IDIS executive signing agreement at IFSEC 2016The BZ team made its return to the US earlier this month after supporting global client IDIS at two major security industry tradeshows in June. The team’s first stop was Philidelphia, PA, where IDIS showcased  the latest generation of its total solution technologies at the NRF PROTECT exhibition, including its flagship DirectIP™ platform and a number of proprietary technologies with particular relevance to loss-prevention and the retail sector. BZ then crossed the Atlantic, arriving in London, UK for the IFSEC 2016 tradeshow, marking the fourth IDIS appearance at the global security exhibition. Learn more about this BZ client at

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Emoting in the Workplace

Assorted emojisDuring this age in which the text message seems to have far outstripped the phone call as the communication method of choice, emojis have become a language all their own. From smiley faces to side-eye smirks, the ubiquitous yellow faces are now also widely used on Facebook and have found their way into professional emails as well – but is the workplace really an appropriate setting for sending emojis back and forth?

When deciding whether or not to use an emoji in your workplace correspondence, a good rule of thumb that I generally follow is a simple one: know your audience. If you’re writing to a client who frequently uses emojis in his or her emails to you, then by all means feel free to include a lighthearted grinning face. If your email is meant for a stern, tight-laced supervisor, however, it might be a better idea to stick to prose to convey your message.

There are times when abstaining from emoji use may be the right call regardless of your audience, however. We often turn to emojis to help clarify intent by attaching emotion to our message – but in reality, the recipient of an email in the workplace is likely to misinterpret the message as more emotionally negative or neutral than intended. For example, when offering corrective feedback, a supervisor may include a smiley face to soften the blow, explaining that a mistake is “no big deal.” That smile is often all to easy for an employee to interpret as condescending or passive aggressive. To avoid these mishaps, try to think about the worst-case scenario interpretation when sending feedback – it’s often less complicated to avoid emoting inthe first place.

Take a look at more considerations on emojis in the workplace in this quick article from TLNT:

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The Power of Positivity

Older man mentoring younger man at workWhen an employee leaves his or her job for a new opportunity, he or she will often cite a more attractive salary as a primary reason for moving on. In my experience however, employees won’t be looking for a new position in the first place unless something is effecting their day-to-day morale in the workplace. Naturally, there are countless variables that all play a role in whether a company’s employees are generally happy or unhappy. One the easiest of these boxes to check for employers trying to reduce turnover is positive reinforcement.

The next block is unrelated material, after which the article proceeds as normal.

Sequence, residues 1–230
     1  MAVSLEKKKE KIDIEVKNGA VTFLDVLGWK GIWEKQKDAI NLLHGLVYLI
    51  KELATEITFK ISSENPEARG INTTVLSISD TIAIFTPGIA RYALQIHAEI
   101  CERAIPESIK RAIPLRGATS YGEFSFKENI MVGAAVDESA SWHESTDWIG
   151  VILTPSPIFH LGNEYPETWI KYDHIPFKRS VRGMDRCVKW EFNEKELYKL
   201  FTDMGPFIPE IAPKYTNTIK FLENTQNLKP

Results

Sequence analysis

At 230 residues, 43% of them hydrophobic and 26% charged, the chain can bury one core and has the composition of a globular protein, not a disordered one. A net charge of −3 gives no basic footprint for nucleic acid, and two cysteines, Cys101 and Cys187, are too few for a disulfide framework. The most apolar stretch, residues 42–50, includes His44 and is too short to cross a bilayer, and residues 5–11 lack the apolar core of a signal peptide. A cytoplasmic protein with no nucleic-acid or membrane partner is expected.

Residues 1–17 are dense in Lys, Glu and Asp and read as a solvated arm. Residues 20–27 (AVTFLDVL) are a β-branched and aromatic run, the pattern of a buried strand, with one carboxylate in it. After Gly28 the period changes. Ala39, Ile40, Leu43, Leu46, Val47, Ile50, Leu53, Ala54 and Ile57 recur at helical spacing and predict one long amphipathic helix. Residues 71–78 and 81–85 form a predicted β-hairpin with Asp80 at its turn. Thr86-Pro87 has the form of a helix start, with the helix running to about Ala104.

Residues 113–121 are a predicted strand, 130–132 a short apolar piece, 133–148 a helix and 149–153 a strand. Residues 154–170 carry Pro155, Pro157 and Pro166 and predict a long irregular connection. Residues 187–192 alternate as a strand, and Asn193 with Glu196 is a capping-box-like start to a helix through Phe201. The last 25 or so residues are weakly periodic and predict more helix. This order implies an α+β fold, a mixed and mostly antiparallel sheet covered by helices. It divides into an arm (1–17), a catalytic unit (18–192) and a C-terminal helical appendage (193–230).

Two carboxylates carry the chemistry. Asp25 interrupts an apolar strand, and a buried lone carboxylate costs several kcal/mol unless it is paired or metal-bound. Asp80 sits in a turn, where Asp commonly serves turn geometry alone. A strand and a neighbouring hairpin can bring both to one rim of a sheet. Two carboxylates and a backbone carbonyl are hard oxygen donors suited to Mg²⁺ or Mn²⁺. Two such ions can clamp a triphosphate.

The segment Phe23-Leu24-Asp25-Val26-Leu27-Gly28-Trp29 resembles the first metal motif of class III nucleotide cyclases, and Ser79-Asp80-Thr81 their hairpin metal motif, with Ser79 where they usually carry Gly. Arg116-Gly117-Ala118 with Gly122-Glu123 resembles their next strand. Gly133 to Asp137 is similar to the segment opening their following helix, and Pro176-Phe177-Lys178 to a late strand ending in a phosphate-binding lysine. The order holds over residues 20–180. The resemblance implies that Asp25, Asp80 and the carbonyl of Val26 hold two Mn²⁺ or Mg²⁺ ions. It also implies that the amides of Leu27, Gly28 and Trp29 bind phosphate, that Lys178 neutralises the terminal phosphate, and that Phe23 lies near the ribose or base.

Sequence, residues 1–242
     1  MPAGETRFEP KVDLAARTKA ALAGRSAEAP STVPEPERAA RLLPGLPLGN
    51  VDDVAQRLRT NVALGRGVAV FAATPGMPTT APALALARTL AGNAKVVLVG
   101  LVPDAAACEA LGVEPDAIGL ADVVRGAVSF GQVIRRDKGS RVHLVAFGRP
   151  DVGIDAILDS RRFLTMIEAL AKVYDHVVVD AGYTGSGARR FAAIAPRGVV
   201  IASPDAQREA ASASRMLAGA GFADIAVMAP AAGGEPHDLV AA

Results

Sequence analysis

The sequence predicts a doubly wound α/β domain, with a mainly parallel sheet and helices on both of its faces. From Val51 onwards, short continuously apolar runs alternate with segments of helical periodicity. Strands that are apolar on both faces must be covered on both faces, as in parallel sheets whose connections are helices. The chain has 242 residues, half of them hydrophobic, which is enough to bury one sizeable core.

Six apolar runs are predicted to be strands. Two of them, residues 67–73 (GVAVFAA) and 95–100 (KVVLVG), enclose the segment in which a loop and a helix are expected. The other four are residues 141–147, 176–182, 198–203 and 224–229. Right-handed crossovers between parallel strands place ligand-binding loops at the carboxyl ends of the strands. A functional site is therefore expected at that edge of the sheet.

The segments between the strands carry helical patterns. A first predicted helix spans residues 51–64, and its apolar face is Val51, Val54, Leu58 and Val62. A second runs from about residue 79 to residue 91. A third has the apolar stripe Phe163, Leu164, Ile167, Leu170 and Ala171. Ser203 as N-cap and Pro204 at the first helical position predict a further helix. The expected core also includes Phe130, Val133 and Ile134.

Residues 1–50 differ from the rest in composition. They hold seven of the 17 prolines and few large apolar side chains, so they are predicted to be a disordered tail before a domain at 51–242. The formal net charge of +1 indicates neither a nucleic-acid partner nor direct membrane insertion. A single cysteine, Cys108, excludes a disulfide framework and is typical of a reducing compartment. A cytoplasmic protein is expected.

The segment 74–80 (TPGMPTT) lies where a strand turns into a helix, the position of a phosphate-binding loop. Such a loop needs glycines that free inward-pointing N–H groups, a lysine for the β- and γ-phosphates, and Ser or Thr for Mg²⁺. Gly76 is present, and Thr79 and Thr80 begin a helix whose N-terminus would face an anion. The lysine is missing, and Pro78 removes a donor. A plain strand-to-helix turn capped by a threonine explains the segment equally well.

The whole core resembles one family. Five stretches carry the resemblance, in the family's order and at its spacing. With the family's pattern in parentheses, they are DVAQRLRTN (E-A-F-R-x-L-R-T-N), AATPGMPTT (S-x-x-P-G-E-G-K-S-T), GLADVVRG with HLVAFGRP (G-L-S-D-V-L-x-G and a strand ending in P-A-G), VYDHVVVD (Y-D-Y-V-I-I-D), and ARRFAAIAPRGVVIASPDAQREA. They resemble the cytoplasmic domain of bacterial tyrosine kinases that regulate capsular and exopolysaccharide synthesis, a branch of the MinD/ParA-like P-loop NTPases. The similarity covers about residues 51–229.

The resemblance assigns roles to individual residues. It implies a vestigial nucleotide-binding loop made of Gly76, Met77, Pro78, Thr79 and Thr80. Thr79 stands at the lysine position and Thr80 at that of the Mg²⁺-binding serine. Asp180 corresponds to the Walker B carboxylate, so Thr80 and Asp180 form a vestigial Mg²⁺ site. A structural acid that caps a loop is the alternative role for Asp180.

Too often supervisors will openly correct negative behavior but will only acknowledge a job well done in passing or not at all. In theory, you’re employing your people because they’re talented – be sure to take the time to actually tell them so. Directly acknowledging your employee’s accomplishments can not only help keep them happy and motivated, it can also make it easier for them to accept your criticism when necessary as well. If corrective feedback is the only kind your people receive from you, they may begin to lose motivation and stop making an effort to improve.

LinkedIn writer Justin Bariso provides a closer look at how to effectively provide positive feedback and how you and your employees can benefit from it in this quick article on LinkedIn. Give it a read for more helpful tips!

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A Little Smile Goes a Long Way

Close up shot of video cameraI’ve worked with quite a few people who in normal conversation are exceptionally expressive and personable, but seem rigid and emotionless when asked to give a presentation or speak in public. In general, your audience will be much more receptive of your message and will be more engaged if your presentation or speech is delivered conversationally, with emotion, as this makes them feel as though you’re speaking with them instead of at them. Many of us don’t even realize that our mannerisms change when speaking in front of a group though, so how to fix this problem? My #1 recommendation for improving your public speaking skills (or at least, the first thing I’d recommend trying) is to film yourself practicing your presentation in front of a small group of friends, coworkers, family – whoever you have on hand. Take a look at the recording afterwards and discuss with your audience the differences in your demeanor when presenting compared to how you act in everyday conversation. Understanding what needs improvement is the first step to actually improving!

Take a look at this brief article from for a few more tips on how to be more engaging once you’ve taken a look at yourself on camera:

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Common Words to Avoid in Your Writing